A chain in a poset may not necessarily have a least upper bound. Consider the natural numbers with the usual partial ordering.


The chain 0 ≤ 1 ≤ 2 ≤ ... does not have an upper bound, because the set of natural numbers doesn’t contain an infinity. We have to instead turn to Ω, which is the natural numbers and the smallest possible infinity, the ordinal ω.


Here the chain has a least upper bound.

Despite not having a lub for 0 ≤ 1 ≤ 2 ≤ ..., the natural numbers have many least upper bounds, since every element n forms the trivial chain n ≤ n ≤ n...

Here are pictorial representatios of some properties of lubs.


If one chain is always less than or equal to another chain, that chain’s lub is less than or equal to the other chain’s lub.


A double chain of lubs works the way you expect it to; furthermore, we can diagonalize this chain to get the upper bound in both directions.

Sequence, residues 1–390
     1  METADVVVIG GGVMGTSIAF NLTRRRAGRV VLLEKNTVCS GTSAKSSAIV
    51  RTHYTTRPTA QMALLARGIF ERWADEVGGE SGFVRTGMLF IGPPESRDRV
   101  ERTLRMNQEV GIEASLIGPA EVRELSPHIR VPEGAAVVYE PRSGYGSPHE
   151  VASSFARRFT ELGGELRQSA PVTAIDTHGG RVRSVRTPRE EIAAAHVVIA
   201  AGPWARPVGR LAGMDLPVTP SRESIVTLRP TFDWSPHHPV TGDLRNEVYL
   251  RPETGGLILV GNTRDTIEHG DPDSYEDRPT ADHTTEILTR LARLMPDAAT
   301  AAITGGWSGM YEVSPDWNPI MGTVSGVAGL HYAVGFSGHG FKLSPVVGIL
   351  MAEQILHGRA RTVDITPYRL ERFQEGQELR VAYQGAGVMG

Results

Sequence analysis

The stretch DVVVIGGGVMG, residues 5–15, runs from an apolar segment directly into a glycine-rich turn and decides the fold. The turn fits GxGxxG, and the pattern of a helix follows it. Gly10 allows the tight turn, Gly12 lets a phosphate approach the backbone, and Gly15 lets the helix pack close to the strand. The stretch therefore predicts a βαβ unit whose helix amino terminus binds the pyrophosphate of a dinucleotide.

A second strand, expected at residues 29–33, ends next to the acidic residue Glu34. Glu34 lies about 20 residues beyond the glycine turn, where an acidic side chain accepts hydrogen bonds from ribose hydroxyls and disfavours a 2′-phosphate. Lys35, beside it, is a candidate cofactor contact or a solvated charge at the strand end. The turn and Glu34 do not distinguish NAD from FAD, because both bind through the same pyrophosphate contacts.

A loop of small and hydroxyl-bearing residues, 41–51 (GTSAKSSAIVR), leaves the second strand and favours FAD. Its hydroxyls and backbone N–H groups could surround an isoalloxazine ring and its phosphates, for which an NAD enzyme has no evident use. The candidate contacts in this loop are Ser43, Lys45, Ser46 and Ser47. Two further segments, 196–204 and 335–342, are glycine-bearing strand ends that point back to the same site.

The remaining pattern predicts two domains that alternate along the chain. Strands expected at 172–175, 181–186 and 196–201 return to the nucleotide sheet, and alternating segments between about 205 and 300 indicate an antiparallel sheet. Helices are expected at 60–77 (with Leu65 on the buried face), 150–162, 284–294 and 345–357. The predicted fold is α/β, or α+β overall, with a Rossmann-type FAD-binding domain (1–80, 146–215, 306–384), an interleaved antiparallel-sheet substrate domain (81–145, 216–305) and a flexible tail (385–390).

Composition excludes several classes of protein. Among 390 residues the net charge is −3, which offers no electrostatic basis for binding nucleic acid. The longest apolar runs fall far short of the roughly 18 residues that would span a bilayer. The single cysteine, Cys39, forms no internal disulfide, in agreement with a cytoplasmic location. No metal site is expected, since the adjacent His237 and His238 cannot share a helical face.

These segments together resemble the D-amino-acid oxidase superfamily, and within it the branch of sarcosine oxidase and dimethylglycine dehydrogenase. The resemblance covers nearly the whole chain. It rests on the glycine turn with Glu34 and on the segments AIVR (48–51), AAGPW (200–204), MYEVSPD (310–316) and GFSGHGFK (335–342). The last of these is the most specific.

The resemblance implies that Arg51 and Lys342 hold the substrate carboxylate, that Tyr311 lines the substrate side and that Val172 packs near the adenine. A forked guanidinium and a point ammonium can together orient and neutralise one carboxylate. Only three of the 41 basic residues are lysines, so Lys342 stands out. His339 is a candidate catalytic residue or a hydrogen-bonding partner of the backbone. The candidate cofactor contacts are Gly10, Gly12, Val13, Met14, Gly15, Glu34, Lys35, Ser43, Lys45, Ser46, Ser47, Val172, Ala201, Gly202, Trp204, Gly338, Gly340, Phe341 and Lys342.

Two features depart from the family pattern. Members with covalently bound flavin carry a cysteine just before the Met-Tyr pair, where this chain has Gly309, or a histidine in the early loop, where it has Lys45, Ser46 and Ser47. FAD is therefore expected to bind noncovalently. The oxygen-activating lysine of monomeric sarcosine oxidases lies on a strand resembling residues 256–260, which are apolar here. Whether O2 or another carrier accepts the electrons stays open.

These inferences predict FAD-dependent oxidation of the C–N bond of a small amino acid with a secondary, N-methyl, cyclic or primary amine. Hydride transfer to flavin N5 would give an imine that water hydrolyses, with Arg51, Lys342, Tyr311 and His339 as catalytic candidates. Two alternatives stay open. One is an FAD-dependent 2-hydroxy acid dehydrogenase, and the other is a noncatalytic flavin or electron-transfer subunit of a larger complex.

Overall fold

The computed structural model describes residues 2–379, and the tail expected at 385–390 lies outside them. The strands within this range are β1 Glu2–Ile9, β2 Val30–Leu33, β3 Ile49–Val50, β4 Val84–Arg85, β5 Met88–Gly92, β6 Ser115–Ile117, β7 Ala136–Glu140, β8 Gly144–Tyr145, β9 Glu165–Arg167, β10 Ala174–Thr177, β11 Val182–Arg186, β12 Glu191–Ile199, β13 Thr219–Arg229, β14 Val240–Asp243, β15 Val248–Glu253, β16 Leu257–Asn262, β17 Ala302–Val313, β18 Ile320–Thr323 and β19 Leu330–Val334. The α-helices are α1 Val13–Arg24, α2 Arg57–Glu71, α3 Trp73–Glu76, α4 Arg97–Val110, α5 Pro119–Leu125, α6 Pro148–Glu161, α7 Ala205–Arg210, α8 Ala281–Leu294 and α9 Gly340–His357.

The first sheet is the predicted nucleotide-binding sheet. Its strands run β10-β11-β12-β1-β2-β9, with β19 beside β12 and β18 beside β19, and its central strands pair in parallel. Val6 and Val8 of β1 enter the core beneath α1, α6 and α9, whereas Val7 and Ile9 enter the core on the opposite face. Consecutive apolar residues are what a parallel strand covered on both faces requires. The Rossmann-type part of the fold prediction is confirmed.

So, if we think back to any of the diagrams we drew previously, anywhere there was a “...’, in fact we could have placed an upper bound on the top of, courtesy of Haskell’s laziness. Here is one chain in the list type that has a least upper bound:


As we saw earlier, this is not always true for all partial orders, so we have a special name for posets that always have least upper bounds: chain-complete posets, or CPOs.


You may have also noticed that in every diagram, ⊥ was at the bottom. This too is not necessarily true of partial orders. We will call a CPO that has a bottom element a domain.


(The term domain is actually used quite loosely within the denotational semantics literature, many times having extra properties beyond the definition given here. I’m using this minimal definition from Marcelo Fiore’s denotational semantics lectures, and I believe that this is the Scott conception of a domain, although I haven’t verified this.)

So we’ve been in fact dealing with domains all this time, although we’ve been ignoring the least upper bounds. What we will find is that once we consider upper bounds we will find a stronger condition than monotonicity that entails computability.